How forecasters watch Hurricane Dorian


Hurricane Dorian's race in the Atlantic, off the coast of Florida to the United States, is closely monitored by US weather services, who are trying to predict where it will hit the ground with more and more forecasting tools powerful.

The priority is to collect the most information about the hurricane itself, which is done mainly by sending planes in the storm, in rough missions commanded by specialized pilots.

On Friday, for example, seven aircraft flights from the Federal Oceanic and Atmospheric Agency (NOAA) and the Air Force, known as "hurricane hunters", were planned in and around Dorian.

They record temperature, humidity, atmospheric pressure, speed of sales and drop probes that take measurements up to the surface of the ocean. Buoys and weather balloons can also be scattered before and during the hurricane.

These "field" data are supplemented by data from even higher up: satellites from the meteorological services and NASA.

The US Space Agency has many satellites oriented towards the Earth. One of them, Suomi NPP, has his instruments focused on Dorian and gives information on its structure and strength, the temperature at the top of the clouds and the volumes of precipitation.

These gigabytes of data – from aircraft and satellites – are then made available to all global weather services, and feed the famous weather forecast models. There are hundreds of them.

The European model, developed by the European Center for Medium-Range Weather Forecasts, is recognized as the most accurate.

In Miami, a team of ten forecasters from the National Hurricane Center (NHC) produces, every three hours, a detailed forecast of the trajectory and intensity of storms in the Atlantic. At any given time, at least two forecasters are on duty, on eight-hour rotations.

These forecasters use the many global weather patterns and then produce their own prediction from what the different models indicate.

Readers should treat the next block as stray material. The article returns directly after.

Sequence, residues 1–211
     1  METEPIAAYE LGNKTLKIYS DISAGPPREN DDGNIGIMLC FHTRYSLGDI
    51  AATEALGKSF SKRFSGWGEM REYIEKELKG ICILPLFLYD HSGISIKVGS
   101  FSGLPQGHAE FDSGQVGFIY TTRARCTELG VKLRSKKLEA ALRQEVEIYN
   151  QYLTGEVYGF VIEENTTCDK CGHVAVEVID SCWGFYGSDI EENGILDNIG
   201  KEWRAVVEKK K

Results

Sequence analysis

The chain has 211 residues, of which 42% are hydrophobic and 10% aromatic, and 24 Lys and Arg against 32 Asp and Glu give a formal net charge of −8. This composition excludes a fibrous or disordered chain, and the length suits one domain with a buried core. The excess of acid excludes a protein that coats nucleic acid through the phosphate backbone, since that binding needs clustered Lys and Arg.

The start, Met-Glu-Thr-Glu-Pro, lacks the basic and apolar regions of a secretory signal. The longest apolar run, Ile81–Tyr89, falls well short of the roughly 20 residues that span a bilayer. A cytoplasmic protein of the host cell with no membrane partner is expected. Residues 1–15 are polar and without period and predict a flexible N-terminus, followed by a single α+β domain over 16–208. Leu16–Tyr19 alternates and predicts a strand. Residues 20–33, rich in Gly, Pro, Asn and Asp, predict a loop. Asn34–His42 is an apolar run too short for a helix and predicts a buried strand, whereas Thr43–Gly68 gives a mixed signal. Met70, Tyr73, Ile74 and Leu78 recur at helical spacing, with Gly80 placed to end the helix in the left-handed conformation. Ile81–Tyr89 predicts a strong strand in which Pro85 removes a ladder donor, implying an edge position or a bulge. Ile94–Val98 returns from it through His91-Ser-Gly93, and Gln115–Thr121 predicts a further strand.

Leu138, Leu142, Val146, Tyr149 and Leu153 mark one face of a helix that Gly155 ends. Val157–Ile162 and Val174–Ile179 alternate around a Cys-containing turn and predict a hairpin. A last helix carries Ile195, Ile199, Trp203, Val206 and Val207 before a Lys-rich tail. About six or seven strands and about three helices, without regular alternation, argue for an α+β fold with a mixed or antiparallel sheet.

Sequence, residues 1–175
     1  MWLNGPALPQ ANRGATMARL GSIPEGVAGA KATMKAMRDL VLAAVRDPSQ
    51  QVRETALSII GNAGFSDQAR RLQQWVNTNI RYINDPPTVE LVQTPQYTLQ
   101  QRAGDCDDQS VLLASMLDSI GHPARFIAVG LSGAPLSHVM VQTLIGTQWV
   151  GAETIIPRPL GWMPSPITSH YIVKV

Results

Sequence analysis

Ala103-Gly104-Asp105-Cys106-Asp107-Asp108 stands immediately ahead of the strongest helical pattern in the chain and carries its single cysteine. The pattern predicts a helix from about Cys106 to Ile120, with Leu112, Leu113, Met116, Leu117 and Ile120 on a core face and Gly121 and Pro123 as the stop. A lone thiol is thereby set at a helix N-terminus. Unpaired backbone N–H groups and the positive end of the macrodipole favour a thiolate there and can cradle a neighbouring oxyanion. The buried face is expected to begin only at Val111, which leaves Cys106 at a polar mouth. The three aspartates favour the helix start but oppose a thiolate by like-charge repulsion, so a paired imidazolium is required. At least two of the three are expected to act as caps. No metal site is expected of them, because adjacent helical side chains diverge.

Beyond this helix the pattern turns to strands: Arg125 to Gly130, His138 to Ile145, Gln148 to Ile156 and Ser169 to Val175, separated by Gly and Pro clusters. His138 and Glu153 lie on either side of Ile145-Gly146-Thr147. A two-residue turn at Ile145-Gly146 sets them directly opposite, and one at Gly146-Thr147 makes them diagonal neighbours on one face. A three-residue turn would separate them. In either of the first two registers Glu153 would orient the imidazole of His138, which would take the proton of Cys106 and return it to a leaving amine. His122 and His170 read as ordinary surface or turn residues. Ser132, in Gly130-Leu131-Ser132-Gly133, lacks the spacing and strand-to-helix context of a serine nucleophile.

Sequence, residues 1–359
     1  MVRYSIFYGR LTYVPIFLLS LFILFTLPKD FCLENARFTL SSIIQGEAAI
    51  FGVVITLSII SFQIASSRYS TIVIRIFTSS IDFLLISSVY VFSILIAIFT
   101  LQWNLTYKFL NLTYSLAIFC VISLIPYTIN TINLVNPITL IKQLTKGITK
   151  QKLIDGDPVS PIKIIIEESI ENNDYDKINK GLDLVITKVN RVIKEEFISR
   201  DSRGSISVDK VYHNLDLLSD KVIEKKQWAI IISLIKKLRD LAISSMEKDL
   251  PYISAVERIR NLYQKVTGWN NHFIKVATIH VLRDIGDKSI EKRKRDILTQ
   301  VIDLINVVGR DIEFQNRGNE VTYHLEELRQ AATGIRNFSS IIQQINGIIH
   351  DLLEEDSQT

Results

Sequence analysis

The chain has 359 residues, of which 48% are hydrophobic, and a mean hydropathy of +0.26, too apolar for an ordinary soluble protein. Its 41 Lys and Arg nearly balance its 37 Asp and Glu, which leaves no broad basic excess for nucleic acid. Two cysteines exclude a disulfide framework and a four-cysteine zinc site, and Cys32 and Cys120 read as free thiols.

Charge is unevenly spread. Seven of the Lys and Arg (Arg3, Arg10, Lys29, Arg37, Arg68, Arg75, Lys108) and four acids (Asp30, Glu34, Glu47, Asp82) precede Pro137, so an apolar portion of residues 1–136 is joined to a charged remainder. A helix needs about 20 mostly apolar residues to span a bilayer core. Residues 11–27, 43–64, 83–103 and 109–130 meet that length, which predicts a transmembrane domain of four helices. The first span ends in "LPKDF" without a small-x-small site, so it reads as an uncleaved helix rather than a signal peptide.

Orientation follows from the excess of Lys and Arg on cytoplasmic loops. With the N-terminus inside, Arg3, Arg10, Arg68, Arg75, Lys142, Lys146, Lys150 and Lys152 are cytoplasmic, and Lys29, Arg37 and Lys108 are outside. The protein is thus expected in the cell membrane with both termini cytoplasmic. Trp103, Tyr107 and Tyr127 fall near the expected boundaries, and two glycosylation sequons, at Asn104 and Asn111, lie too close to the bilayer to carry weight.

"You have to know what's going on around the world to make a forecast," says meteorologist Sim Aberson of Hurricane Research Center, because what happens in the Atlantic depends on the weather elsewhere.

For the trajectory, which is the number one priority for forecasters, forecasts have improved significantly since the 1970s.

The accuracy of the three-day US center announcements is currently 100 nautical miles (185 km), which was 24-hour precision in 1993. Last year, at 24 hours, the accuracy was less than 100 km, according to data published on the NOAA website.

In contrast, for hurricane intensity, models made less progress. Hurricanes are classified into five categories, mainly according to wind speed.

On average, the error, at three days, was about a category of difference, says Sim Aberson, about 25 km / h. "It's very difficult to accurately measure the strength of a hurricane."

It is for this reason that the service publishes probabilities (for example, 55% risk that West Palm Beach will be hit by winds exceeding 118 km / h), and a cone illustrating the possible course of the storm.

The animations seen on the television channels come directly from the forecasts of this team of 10 specialists in Miami.

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